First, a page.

Even though BERT gets many questions right, mistakes like the ones I’ve highlighted are revealing: they prompt us to question whether the machine really understands what it is reading. Imagine if a child aced the questions that BERT does, then brought forth this set of ridiculous errors. We’d find their responses not just disappointing, but puzzling! We’d have to conclude that their successes hadn’t relied on much understanding after all.
Instead, the strategy revealed by the mistakes is more like a student who skipped class and is now trying to compensate by skimming for words from the question. BERT saw Woolley in a “why” question, so it assumed the answer was whatever followed as in a sentence about Woolley. It found a sentence about something being minted since 1892, so the answer must be the nearby Barber quarter. The system is doing linguistic pattern-matching — powerful, but superficial.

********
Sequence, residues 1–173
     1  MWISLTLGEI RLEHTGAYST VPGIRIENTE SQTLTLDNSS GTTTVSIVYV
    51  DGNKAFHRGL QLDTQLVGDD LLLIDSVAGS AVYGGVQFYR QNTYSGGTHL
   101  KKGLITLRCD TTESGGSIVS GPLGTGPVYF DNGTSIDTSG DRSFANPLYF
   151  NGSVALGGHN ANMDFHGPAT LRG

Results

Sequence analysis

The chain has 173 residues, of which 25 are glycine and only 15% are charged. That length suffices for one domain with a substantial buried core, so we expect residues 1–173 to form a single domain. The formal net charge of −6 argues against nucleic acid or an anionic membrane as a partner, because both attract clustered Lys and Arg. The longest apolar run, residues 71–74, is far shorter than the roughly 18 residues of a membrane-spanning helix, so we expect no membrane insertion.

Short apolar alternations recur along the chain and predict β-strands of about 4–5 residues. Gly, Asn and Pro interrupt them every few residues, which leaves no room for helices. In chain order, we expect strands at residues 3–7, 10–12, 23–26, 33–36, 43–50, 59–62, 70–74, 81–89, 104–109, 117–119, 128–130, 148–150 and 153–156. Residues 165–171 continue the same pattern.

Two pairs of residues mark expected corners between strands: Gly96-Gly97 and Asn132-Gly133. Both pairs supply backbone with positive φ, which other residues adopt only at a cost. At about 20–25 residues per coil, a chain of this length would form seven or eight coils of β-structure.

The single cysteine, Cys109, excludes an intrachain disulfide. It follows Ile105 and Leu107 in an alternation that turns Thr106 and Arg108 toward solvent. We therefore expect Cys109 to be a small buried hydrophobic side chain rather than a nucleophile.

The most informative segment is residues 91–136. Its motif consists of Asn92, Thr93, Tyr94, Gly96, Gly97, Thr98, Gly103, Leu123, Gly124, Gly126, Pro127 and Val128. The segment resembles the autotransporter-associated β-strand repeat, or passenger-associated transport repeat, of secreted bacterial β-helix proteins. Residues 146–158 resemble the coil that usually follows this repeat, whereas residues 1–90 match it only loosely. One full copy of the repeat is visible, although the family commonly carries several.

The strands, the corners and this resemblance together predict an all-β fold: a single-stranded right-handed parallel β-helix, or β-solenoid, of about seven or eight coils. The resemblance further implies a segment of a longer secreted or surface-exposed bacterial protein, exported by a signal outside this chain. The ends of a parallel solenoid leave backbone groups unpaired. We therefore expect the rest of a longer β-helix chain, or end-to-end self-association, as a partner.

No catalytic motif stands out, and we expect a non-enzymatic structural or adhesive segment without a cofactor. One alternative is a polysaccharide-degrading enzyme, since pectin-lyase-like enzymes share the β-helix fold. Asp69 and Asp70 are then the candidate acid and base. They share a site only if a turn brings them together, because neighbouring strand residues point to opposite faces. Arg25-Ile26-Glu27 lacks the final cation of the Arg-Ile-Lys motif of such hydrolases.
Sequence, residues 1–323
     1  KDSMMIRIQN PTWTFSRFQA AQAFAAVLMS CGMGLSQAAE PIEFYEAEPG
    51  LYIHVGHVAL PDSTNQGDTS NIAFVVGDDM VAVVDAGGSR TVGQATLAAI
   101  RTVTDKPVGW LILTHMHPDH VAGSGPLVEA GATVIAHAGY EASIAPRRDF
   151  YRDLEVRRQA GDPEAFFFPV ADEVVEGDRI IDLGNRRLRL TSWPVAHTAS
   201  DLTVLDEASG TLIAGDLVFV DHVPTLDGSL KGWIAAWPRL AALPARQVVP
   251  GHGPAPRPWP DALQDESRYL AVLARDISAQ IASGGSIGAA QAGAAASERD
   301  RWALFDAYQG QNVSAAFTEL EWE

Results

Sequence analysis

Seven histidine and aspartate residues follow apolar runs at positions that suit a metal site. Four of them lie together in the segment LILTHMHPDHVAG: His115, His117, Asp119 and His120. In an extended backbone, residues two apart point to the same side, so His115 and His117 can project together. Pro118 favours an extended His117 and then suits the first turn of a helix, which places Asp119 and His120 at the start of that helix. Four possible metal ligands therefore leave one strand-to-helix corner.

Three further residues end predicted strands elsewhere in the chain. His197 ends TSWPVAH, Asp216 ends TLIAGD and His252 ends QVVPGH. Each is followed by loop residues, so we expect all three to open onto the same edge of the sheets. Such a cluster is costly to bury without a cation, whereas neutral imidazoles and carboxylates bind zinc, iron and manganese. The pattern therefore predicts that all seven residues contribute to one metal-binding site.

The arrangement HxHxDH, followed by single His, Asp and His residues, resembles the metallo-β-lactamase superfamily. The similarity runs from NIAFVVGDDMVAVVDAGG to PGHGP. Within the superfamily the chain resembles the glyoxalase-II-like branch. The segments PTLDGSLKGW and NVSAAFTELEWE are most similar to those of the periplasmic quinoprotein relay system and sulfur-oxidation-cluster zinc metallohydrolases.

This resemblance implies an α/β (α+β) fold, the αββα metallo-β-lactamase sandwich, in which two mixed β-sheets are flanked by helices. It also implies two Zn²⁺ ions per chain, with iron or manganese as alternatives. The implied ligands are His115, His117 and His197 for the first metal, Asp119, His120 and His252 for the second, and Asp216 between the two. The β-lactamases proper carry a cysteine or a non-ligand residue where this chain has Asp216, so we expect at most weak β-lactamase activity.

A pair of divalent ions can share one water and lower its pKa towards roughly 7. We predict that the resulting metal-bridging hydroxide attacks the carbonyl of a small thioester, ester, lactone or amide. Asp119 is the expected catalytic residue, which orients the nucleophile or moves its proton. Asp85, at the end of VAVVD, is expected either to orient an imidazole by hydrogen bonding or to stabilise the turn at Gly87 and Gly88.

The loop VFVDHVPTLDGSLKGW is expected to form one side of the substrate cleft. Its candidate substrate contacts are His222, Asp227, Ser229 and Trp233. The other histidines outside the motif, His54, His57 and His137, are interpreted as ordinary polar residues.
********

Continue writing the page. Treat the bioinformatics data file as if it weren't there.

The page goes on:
Back to first grade
You might be tempted to defend BERT on the grounds that, like a confused six-year-old taking an eighth-grade science test, it just finds the Woolley/MacNeil passage too complex. The passage involves employment, minting, even legislative procedure. Maybe BERT would do better on a simple first-grade story about a different sort of mint:
Fernando and Zoey went to a plant sale. They bought mint plants. Fernando put his plant near a sunny window. Zoey put her plant in her bedroom. Fernando’s plant looked green and healthy after a few days. But Zoey’s plant had some brown leaves. “Your plant needs more light,” Fernando said. Zoey moved her plant to a sunny window. Soon, both plants looked green and healthy! [adapted from ReadWorks.org]